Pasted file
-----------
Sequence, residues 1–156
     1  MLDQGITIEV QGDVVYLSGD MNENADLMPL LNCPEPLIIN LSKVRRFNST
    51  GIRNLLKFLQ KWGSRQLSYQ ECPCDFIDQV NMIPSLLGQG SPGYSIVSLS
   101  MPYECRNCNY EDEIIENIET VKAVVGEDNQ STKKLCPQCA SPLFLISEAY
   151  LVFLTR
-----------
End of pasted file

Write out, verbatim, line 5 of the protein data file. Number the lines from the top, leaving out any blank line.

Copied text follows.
   151  LVFLTR